Neutral position. The position of the magnet in a magneto when its poles are between the pole shoes and no lines of flux are flowing through the magnetic circuit.

Newton. The unit of force needed to accelerate a mass of one kilogram one meter per second per second. One newton is equal to 1000,000 dynes, or 2.248 × 10-1 pound.

Nichrome. The registered trade name for an alloy of nickel and chromium. Nichrome wire is used for making electrical heater elements and precision wire-wound resistors. Nichrome’s resistance is approximately 65 times that of copper.

Nitriding. A method of case hardening steel. Steel is placed in a retort (a sealed, high-temperature furnace), and heated to a specified temperature while surrounded by ammonia gas (NH3). The ammonia breaks down into nitrogen and hydrogen, and the nitrogen unites with some of the alloying elements in the steel to form an extremely hard surface. Nitriding hardens crankshaft bearing surfaces and cylinder walls in reciprocating engines. It takes place at a lower temperature than other forms of case hardening, and does not cause warping.


Noise (electrical). An unwanted electrical signal within a piece of electronic equipment.

Nomex. A patented nylon material used to make the honeycomb core for certain types of sandwich materials.

Nonenergizing brake. A brake that does not use the momentum of the aircraft to increase the friction.

Nonvolatile memory. Memory in a computer that is not lost when power to the computer is lost.

Normal category airplane. An aircraft that is certificated under 14 CFR part 23 that is not certificated under the acrobatic, utility, or commuter category.

Normal heptane. A hydrocarbon, C7H16, with a very low critical pressure and temperature. Normal heptane is used as the low reference in measuring the anti-detonation characteristics of a fuel.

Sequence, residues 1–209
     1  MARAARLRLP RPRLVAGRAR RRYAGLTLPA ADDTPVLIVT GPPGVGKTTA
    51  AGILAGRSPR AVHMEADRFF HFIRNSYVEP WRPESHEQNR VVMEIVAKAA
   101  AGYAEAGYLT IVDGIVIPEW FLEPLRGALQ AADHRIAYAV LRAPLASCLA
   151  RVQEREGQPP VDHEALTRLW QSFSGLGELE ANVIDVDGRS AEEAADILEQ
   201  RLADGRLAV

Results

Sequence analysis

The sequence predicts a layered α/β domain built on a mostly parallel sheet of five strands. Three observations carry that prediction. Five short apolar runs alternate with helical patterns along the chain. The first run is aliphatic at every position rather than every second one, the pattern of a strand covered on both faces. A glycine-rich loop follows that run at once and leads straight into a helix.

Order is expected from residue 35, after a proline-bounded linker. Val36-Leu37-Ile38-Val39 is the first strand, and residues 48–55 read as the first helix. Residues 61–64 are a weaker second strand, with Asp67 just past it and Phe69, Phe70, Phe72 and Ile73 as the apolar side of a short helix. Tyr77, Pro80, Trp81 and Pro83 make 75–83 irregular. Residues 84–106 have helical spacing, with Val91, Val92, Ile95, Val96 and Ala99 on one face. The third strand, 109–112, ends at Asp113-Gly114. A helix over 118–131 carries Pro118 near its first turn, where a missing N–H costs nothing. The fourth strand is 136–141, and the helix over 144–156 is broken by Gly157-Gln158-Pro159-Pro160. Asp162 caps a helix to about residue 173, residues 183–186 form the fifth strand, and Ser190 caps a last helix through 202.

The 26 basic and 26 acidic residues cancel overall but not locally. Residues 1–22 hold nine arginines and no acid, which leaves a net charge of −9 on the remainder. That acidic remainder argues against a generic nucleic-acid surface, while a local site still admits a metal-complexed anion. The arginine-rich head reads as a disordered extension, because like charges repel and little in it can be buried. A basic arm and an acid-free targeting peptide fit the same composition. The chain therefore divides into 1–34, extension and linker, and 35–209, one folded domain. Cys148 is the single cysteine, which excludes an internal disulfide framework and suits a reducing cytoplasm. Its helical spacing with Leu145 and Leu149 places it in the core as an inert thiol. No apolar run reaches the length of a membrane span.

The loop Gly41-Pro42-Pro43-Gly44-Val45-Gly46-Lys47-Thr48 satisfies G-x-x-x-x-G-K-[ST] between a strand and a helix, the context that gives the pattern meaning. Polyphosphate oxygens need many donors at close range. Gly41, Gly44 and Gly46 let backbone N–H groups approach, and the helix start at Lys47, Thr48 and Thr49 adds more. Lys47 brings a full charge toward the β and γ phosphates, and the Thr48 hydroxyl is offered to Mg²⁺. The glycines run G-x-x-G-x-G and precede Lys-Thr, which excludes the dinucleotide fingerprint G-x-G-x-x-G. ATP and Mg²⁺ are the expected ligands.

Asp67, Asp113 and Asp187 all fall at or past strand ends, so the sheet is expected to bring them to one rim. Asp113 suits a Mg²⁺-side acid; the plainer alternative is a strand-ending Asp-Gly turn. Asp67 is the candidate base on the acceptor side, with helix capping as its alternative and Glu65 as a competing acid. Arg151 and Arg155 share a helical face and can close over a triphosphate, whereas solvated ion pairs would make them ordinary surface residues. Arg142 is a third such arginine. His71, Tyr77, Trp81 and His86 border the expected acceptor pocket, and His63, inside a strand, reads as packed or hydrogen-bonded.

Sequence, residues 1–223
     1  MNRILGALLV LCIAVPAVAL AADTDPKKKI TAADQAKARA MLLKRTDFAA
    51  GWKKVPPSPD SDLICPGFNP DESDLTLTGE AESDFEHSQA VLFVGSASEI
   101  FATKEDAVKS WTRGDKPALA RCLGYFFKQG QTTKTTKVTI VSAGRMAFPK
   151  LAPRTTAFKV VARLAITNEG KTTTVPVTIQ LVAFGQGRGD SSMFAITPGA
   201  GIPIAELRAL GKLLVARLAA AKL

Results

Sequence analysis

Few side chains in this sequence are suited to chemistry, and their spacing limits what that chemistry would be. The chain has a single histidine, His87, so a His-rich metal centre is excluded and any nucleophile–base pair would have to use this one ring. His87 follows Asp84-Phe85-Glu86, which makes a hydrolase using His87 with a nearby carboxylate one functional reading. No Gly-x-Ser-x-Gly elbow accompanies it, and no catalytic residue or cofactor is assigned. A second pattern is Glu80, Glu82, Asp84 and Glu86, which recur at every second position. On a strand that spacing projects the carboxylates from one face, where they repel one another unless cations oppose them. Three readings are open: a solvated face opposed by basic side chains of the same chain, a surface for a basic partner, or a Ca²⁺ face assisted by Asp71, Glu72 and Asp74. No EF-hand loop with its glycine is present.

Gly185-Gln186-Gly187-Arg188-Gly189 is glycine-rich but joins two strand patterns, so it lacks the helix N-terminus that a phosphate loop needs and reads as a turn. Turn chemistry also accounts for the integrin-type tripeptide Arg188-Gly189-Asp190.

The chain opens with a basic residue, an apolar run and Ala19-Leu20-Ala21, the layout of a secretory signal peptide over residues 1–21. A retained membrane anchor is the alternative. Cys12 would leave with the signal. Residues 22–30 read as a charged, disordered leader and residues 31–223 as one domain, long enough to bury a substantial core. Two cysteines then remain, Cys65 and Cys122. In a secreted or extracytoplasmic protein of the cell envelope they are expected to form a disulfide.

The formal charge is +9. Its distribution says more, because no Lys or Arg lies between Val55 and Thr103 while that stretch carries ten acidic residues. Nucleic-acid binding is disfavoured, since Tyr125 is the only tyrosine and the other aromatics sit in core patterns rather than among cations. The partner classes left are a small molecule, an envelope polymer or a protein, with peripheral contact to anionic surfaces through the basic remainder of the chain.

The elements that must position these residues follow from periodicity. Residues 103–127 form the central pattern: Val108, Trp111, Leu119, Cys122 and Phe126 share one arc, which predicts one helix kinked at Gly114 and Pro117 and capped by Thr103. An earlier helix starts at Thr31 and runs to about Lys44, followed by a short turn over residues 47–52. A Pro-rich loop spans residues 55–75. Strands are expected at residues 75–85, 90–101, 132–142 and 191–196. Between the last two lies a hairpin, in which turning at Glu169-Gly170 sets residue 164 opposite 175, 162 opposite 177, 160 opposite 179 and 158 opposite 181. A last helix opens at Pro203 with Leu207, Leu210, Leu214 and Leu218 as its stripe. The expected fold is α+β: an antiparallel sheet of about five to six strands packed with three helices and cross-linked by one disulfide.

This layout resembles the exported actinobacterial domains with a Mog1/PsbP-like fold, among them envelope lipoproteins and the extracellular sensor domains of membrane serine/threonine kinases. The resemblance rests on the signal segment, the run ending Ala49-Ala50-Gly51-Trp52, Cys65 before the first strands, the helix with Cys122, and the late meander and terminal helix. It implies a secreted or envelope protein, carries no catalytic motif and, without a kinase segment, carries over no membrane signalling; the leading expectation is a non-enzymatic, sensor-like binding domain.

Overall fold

Normal shock wave. A type of pressure wave that forms at right angles to a surface when air moves at the speed of sound.

Normalizing. A process of strain-relieving steel that has been welded and left in a strained condition. The steel is heated to a specified temperature, usually red hot, and allowed to cool in still air to room temperature.

Nose-gear centering cam. A cam in the nose-gear shock strut that causes the piston to center when the strut fully extends. When the aircraft takes off and the strut extends, the wheel is straightened in its fore-and-aft position so it can be retracted into the wheel well.

Notch sensitivity. A measure of the loss of strength of a material caused by the presence of a notch, or a V-shaped cut.

Nozzle guide vanes. See turbine inlet guide vanes.


NPN transistor. A bipolar transistor made of a thin base of P-type silicon or geranium sandwiched between a collector and an emitter, both of which are made of N-type material.

Null position. The position of an ADF loop antenna when the signal being received is canceled in the two sides of the loop and the signal strength is the weakest.